Neither One Thing Nor The Other: The Problems and Potentials of The Medium
This is ‘book’ 12 in the series The Impossible Books of Keith Kahn-Harris. The cover was created by Gus Condeixa. For more on this series, read the introduction here.
What sort of book is it?
This could go in a number of different directions: Perhaps it could be an accessible work of sociology, perhaps it could be a strange kind of business advice book, perhaps it could be an intervention in debates about contemporary arts and culture.
How likely is it that I will write the book?
I think I’d have to clarify what sort of book it could be straight in my mind first. However I am quite strongly drawn to exploring these ideas. (I am aware, by the way, that some of my thoughts for this book are quite sketchy and need a lot of further thought.)
Am I happy for anyone else to write the book?
Not really. There’s no copyright on ideas but I’d like to be the one to pursue this one.
Much of my research, teaching and consultancy work over the last few years has taken place in the apparently parochial world of the British Jewish community. Over time, I’ve started to notice something about how synagogues work. Put simply, all the thriving synagogues I’ve encountered seem to either be comparatively large (in terms of numbers of members) or comparatively small. The synagogues that are struggling tend to be neither that big or that small.
The reasons for this are not too hard to infer: Large synagogues can offer a large and diverse range of services to cater for the needs of a large and diverse membership, small synagogues can offer intimacy and fellowship. Both forms of synagogue life are viable and sustainable. The medium-sized synagogues are often too big to allow for intimacy, but too small to offer a broad range of services. They are extremely difficult to make work.
These observations have drawn my attention to an often-neglected and difficult-to-pin-down phenomenon — what I will call ‘The Medium.’
· The Medium is entirely relative. It is located in the lonely space occupied by things that fall between two well-populated poles.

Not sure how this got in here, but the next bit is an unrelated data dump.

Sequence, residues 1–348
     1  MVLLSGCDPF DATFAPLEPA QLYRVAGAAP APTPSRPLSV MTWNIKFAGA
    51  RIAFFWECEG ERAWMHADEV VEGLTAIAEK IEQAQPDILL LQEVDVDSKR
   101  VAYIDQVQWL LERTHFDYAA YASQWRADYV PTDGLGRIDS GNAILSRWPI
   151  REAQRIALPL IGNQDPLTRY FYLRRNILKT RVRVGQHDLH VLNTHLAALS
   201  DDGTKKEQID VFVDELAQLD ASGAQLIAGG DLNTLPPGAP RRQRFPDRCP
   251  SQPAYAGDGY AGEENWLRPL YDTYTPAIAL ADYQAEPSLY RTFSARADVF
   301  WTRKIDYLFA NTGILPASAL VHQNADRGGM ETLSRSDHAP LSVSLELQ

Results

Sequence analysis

· The Medium is not the same as ‘the average’, although it sometimes overlaps with it. The Medium is not the same as a compromise between two extremes, although it sometimes can appear that way.
· Above all, The Medium is frequently that which is uncomfortable, unsatisfactory, difficult to pinpoint, hard to pigeonhole.
Things located in The Medium often comes under pressure to become something else: to move towards clarity, to adopt a form that is recognisable and classifiable. The question for those working in The Medium is therefore: when is The Medium a worthy location in which to remain and when is it a place from which to flee?
This is the question that medium-sized synagogues, for example, have to face. When is it possible to make a synagogue of that size work and when is it better to try to upsize or downsize?
It may be that a whole range of disparate social and cultural questions are actually questions about the sustainability of The Medium. For example:
· Might the constant debates about the place in the world of countries such as France and the UK, actually be debates about whether medium-sized countries — which are too small to be superpowers and too large to be cosy backwaters — can exist in the world?
· Might the music industry’s crisis in the digital age actually be about the knife-edged viability of medium-sized artists (big stars will always be lucrative, niche artists never were and never will be)?
· Might concerns about the ‘squeezed middle’ in the post-2008 economy actually reveal a fundamental difficulty in maintaining a stable layer of middleness in the capitalist class system?
Yet for all the discomfort of The Medium, it is also the space full of neglected potential, where neither being one thing nor the other opens up interesting possibilities. For example:
· Cultural forms such as the novella and the EP offer things that more common forms cannot provide.
· Medium-sized cities may offer an ideal way of developing urban spaces.
· Medium-sized religions, such as Judaism, Bahaiism and Zoroastrianism may mediate between the twin dangers of isolated culthood and global domination.